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These mushrooms mimic flowers and deceive insects, how do they do it?

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Manish Saini
Manish works as a Journalist and writer at Revyuh.com. He has studied Political Science and graduated from Delhi University. He is a Political engineer, fascinated by politics, and traditional businesses. He is also attached to many NGO's in the country and helping poor children to get the basic education. Email: Manish (at) revyuh (dot) com

Nature works in amazing ways. A sample of this is yellow fungi that pretend to be flowers to reproduce. Yes, these intelligent fungi imitate the shape and color of the petals and give off a smell similar to that of flowers to attract insects that, instead of feeding, end up carrying spores.

If an unsuspecting eye sees them, they may not realize that what is in front of them is a mushroom and not a flower. The Fusarium xyrophilum has evolved so much that manages to fool the bees and other pollinators, according to the journal Scientific American. It is the first known pseudo-flower, that is, a fungus that mimics a flower.

The fungus infects yellow-petalled herbs – called Xyris plants, characteristic of Guyana – and sterilizes them to block their flowering to ensure their own reproduction. Fascinated by this likely case of floral mimicry, scientists wonder how this mushroom evolved to fool everyone so well.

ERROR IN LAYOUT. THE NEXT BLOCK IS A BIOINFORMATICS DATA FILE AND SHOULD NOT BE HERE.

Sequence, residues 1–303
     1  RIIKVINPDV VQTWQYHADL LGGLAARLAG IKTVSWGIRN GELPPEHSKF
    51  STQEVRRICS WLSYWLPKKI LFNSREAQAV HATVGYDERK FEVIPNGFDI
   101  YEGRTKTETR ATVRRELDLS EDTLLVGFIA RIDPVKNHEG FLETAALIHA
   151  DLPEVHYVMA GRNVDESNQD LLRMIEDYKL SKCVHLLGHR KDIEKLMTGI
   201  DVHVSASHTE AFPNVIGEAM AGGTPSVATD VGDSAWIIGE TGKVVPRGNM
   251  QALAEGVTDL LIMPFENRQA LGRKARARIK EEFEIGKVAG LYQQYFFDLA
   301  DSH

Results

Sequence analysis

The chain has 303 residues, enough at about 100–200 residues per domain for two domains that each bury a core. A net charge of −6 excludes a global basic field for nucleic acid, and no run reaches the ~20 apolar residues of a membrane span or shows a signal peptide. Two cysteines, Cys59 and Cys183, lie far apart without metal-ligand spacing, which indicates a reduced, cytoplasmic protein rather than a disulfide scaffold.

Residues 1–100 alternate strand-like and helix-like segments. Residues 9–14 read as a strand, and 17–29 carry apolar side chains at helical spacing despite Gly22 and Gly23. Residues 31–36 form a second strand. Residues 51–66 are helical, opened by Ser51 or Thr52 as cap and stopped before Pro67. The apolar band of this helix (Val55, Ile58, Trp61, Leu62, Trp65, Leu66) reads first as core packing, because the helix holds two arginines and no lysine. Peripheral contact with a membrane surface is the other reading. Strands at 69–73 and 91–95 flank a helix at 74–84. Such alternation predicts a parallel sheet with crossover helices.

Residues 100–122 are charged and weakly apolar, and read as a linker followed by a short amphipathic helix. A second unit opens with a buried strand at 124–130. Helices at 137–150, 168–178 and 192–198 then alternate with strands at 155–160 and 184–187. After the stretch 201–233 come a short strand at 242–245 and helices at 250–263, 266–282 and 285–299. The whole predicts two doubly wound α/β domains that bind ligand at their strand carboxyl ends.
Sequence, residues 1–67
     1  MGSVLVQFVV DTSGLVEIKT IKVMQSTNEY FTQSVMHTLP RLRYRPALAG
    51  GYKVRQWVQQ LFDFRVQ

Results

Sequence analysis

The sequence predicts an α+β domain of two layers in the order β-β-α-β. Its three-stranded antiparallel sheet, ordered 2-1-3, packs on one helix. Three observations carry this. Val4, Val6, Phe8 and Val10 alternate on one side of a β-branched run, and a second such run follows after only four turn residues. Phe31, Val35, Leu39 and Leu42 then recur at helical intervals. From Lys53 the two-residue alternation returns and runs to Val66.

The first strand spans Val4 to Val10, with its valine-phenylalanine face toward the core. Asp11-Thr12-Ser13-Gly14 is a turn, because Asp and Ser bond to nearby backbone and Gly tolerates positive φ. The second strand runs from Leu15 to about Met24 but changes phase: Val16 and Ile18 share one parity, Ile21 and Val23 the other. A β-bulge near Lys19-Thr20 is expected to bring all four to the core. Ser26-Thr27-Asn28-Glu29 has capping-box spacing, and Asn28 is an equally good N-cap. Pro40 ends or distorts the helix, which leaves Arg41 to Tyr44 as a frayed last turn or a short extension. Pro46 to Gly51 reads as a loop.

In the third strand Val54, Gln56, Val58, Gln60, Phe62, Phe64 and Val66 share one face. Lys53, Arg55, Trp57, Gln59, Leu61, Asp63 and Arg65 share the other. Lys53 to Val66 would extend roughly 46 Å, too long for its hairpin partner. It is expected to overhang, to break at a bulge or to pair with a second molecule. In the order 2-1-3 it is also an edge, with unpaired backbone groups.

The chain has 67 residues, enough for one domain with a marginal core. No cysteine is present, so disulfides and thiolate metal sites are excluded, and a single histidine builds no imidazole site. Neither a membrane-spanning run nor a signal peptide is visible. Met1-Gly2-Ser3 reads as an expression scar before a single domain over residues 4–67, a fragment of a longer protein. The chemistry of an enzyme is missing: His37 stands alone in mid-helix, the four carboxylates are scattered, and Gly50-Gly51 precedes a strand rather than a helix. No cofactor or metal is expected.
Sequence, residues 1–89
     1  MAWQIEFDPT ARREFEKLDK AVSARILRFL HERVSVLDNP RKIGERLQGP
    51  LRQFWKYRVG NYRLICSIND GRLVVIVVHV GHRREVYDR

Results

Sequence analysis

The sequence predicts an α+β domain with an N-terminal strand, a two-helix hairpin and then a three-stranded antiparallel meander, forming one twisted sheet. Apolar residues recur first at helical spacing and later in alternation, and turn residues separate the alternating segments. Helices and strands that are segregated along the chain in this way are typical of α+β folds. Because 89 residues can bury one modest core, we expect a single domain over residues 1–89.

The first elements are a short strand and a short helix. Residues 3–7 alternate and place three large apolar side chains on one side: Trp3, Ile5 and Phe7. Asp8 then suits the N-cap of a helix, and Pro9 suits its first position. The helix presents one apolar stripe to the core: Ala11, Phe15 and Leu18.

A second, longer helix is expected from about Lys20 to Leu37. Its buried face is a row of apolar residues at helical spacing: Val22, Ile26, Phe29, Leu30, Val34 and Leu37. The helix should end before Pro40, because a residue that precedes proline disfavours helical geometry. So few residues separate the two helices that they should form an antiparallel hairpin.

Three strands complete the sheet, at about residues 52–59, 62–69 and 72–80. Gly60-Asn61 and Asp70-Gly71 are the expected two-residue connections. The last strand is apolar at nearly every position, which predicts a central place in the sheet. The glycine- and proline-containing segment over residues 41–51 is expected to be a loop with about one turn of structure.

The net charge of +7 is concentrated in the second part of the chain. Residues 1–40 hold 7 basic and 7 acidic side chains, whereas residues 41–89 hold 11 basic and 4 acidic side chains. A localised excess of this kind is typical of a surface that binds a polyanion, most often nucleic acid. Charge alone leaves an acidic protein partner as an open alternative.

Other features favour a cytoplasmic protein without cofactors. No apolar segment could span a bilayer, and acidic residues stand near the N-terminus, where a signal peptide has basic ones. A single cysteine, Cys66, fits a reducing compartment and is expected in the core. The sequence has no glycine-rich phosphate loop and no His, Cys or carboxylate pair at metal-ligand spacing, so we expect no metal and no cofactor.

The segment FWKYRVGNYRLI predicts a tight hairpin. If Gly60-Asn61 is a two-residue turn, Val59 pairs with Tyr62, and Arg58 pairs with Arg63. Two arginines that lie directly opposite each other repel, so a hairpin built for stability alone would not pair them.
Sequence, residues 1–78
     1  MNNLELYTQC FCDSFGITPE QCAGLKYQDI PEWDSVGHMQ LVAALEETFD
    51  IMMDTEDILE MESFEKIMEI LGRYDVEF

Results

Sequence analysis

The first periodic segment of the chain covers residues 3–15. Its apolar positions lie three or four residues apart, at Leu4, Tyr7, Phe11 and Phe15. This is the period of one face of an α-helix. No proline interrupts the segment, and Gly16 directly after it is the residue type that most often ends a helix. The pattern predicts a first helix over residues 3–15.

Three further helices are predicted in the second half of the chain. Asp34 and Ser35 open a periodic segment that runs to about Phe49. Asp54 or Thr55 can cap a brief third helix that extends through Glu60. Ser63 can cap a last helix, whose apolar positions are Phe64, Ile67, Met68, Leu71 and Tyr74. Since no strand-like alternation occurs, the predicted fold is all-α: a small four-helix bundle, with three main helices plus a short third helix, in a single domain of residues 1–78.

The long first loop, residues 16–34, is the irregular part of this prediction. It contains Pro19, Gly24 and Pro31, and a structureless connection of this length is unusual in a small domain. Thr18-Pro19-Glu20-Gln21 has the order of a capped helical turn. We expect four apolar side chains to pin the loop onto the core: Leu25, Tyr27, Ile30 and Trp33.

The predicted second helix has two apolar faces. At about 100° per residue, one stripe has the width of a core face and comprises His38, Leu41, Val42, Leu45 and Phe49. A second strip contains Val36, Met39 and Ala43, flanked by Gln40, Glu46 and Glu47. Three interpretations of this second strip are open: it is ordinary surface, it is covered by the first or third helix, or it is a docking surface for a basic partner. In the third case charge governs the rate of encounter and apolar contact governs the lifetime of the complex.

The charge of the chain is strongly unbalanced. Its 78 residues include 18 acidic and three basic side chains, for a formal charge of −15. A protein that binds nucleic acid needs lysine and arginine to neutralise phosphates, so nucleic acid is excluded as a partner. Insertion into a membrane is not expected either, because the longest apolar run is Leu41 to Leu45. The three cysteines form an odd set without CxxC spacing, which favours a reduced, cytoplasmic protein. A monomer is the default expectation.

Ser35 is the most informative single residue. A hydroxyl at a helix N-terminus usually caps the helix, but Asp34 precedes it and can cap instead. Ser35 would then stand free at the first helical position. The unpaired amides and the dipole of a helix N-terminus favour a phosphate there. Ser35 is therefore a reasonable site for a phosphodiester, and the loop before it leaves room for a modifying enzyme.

“This is the only example that we know of, anywhere on planet Earth, where the false flower is all fungal,” said Kerry O’Donnell, a microbiologist at the Agricultural Research Service (ARS) from the United States Department of Agriculture, and co-author of the study on pseudo-flowers, published in Fungal Genetics and Biology.

The study’s lead author, Imane Laraba, also an ARS microbiologist, used an ultraviolet filter to photograph the pseudo-flowers and found that the tissues of the fungus reflect ultraviolet light – they do the same as many yellow flowers to aid pollinators to locate them. In nature, Laraba says, Xyris flowers probably reflect ultraviolet light as well.

Despite the advances, scientists consider this to be a case of mimicry that still needs documentation.

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